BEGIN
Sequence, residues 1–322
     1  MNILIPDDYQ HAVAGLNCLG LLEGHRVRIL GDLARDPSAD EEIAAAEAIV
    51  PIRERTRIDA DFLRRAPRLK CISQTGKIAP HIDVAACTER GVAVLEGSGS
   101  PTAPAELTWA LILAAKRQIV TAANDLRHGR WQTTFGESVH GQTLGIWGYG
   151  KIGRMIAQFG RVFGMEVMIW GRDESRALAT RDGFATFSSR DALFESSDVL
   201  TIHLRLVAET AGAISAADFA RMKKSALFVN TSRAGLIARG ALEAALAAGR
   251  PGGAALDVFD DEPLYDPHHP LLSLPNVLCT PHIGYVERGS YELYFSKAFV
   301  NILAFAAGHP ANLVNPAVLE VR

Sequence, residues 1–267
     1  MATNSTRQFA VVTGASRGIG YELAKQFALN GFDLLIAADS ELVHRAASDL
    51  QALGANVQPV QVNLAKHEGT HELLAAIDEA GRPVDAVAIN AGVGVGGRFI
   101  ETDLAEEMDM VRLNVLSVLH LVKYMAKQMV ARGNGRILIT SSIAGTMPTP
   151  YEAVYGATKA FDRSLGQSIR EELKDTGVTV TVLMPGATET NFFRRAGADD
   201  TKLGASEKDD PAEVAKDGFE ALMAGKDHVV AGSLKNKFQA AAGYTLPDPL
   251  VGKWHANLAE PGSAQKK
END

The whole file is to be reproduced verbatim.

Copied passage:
Sequence, residues 1–322
     1  MNILIPDDYQ HAVAGLNCLG LLEGHRVRIL GDLARDPSAD EEIAAAEAIV
    51  PIRERTRIDA DFLRRAPRLK CISQTGKIAP HIDVAACTER GVAVLEGSGS
   101  PTAPAELTWA LILAAKRQIV TAANDLRHGR WQTTFGESVH GQTLGIWGYG
   151  KIGRMIAQFG RVFGMEVMIW GRDESRALAT RDGFATFSSR DALFESSDVL
   201  TIHLRLVAET AGAISAADFA RMKKSALFVN TSRAGLIARG ALEAALAAGR
   251  PGGAALDVFD DEPLYDPHHP LLSLPNVLCT PHIGYVERGS YELYFSKAFV
   301  NILAFAAGHP ANLVNPAVLE VR

Sequence, residues 1–267
     1  MATNSTRQFA VVTGASRGIG YELAKQFALN GFDLLIAADS ELVHRAASDL
    51  QALGANVQPV QVNLAKHEGT HELLAAIDEA GRPVDAVAIN AGVGVGGRFI
   101  ETDLAEEMDM VRLNVLSVLH LVKYMAKQMV ARGNGRILIT SSIAGTMPTP
   151  YEAVYGATKA FDRSLGQSIR EELKDTGVTV TVLMPGATET NFFRRAGADD
   201  TKLGASEKDD PAEVAKDGFE ALMAGKDHVV AGSLKNKFQA AAGYTLPDPL
   251  VGKWHANLAE PGSAQKK